Life seems to have finally slowed for Gwyn. After the battle with Molech Suun, the Clockwork City is in ruins and Gwyn, reluctantly, is one of the figureheads of the movement to rebuild it.
But she can’t shake the feeling that her old master Faolan is still alive. And with Scions to destroy and a dangerous sorceress gaining ever more power to the south, Gwyn is going to need all the help she can get.
Necromancers, rebellious pirates, and forbidden kingdoms beckon Gwyn and shapeshifter Lucian as they head out in search of Faolan in The Stars Beyond the Stone, the third instalment of Bonnie Wynne‘s The Price of Magic.
It likely goes without saying that as the third in an ongoing series, there’s not much here for new readers. But for those clued up on the story so far, The Stars Beyond the Stone offers more of the fascinating worldbuilding, brutal action scenes, and engaging character development that have come to typify this YA fantasy series.
Focusing on Gwyn, Lucian, and to a slightly lesser extent, Faolan and the increasingly interesting Alcide, is a great move from Wynne. Shifting the focus back to some of the key characters from the first book, The Ninth Sorceress, suits the latest episode’s tone as a bridge to bigger things. And while there’s new and exciting characters a-plenty, it’s honestly a pleasure to see the old gang back together. Plus I’ve got good news for the shippers – there’s much to fuel that particular fire!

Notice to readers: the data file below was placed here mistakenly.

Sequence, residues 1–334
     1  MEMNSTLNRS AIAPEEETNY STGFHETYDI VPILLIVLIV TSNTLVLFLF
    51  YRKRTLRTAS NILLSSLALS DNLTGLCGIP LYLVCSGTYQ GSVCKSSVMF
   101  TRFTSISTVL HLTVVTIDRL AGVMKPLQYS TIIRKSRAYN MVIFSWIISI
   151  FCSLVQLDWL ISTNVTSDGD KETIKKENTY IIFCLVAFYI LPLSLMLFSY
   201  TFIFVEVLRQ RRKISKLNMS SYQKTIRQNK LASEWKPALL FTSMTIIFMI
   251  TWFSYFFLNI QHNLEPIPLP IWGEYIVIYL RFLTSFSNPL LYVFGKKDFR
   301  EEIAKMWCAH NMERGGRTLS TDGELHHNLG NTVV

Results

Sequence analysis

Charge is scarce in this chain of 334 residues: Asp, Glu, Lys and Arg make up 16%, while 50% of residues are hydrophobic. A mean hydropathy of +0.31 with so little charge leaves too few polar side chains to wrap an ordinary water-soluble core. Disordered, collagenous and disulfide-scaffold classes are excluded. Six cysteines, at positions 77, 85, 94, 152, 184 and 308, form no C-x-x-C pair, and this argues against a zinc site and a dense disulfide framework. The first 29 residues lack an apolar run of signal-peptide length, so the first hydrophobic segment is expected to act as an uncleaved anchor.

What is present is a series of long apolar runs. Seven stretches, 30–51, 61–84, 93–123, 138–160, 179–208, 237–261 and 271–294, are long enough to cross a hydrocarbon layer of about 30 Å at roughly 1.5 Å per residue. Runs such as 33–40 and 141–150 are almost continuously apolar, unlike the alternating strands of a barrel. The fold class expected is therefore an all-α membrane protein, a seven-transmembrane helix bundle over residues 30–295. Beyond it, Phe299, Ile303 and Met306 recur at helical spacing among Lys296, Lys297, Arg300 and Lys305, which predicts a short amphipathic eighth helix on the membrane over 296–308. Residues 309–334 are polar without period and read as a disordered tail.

Of course, that’s not to say The Stars Beyond the Stone is all about its cast. There’s plenty of action, adventure, and violent blood magic to enjoy, and it does a lot to advance the plot and expand Wynne’s world map. The finale in particular hits pretty much every mark you could hope for. There’s drama, danger, and moral dilemma, all set in a city that’s been teased from the get-go.
That said, there’s a few moments that jar. In particular, there’s a major character reveal that feels, honestly, a little unnecessary; though I’m happy to be proven wrong as the series goes on. In addition, the habit for ending a chapter with Gwyn passing out or falling asleep continues (though I appreciate that Wynne amusingly takes it to the point where even Gwyn herself seems to question it), and Lucian’s sort-of-Scottish accent is becoming an unwelcome distraction. It might be personal preference, but it does grate a little when he’s the only character with a specific, and slightly stereotypical, accent written into the text.
Reviewing as a returning reader, The Stars Beyond the Stone absolutely delivers. There’s exciting developments for many of the original squad, and plenty of build up for the chapters to come. It does feel a little like filler at times, but that’s not necessarily a bad thing, and Wynne makes sure to hit some key plot points along the way. A solid addition to an engaging fantasy series.
FOUR STARS (OUT OF FIVE)
Bonnie Wynne’s The Stars Beyond the Stone is out now through Talem Press.